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Mental Freedom



I live in London and I am an ICU doctor. I’m originally from Hungary but I’ve been in London for the past seven years. It’s very unnerving because I’ve always had the comfort of being just a two hour flight away from my family. But right now, I cannot be with them. I cannot go to my family. I cannot see my family. My parents are about 60, so they are obviously at risk. They’re also both GPs so they work with patients, which doesn’t give me much peace of mind. People tend to forget that healthcare professionals also have our own families. We’re carrying extra pressures from just being away from them.

I think everyone’s lives have been turned upside down.

Being an ICU doctor makes you very much in the frontlines. Working with the sickest patients is not new for me, as I’ve been doing this throughout my career— working with the sickest patients is not new for any ICU doctor. But just the sheer amount of patients we have right now is what’s posing an even greater challenge more than anything. Especially because in our ICU, we’ve transferred out every patient who does not have COVID-19. We only have COVID-19 patients on the machines because we’re trying to avoid cross-contamination.

The shifts are very intense, and just having to put on all of the protective gear can be physically draining at times. In addition to being physically drained, we have also been mentally drained from having a lot of difficult conversations with relatives of patients. It’s been especially hard grappling with bad news— having discussions with families about making the decision to take a loved one off of life support or telling them that they may not be able to say goodbye to someone in person... It’s manageable just having one of these conversations now and then, but at a time like this when this happens at such high numbers, it takes quite a toll on all of us. We’ve been having to make incredibly tough decisions and hard conversations through the phone, instead of having them face to face. It’s quite a heightened situation in every sense.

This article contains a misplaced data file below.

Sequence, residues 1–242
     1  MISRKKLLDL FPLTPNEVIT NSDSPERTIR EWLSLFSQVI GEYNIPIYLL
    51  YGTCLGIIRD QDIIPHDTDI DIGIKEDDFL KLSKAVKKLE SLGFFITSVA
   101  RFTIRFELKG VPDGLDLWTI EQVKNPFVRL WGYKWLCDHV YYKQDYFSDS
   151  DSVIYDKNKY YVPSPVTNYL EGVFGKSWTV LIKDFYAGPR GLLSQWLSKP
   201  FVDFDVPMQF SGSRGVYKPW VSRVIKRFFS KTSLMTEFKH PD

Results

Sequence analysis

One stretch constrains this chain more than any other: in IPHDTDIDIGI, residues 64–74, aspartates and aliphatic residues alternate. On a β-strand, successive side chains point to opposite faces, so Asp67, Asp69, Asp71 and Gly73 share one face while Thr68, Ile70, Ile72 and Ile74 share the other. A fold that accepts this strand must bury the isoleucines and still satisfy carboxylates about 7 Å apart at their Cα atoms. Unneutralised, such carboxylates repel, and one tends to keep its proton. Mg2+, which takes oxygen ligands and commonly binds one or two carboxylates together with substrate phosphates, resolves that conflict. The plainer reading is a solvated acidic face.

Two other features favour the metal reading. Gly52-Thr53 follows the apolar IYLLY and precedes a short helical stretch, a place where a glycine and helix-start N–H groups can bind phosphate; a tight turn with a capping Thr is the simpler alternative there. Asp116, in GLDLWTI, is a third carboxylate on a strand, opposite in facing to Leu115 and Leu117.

What is surprising to me is how well the medical team pulled together. From what I can see in the ICU, everyone is working around the clock at 100%. The team has really come together to try and get through this and get the patients through this. For example, right after a shift, people will text you to make sure that you got home okay. I also know that some of my colleagues have offered to look after other colleagues' children while they’re working…

I believe that people have really stepped up during this pandemic. It’s a nice thing to see amongst the misery.


—Maria




Written by: Natasha Leong

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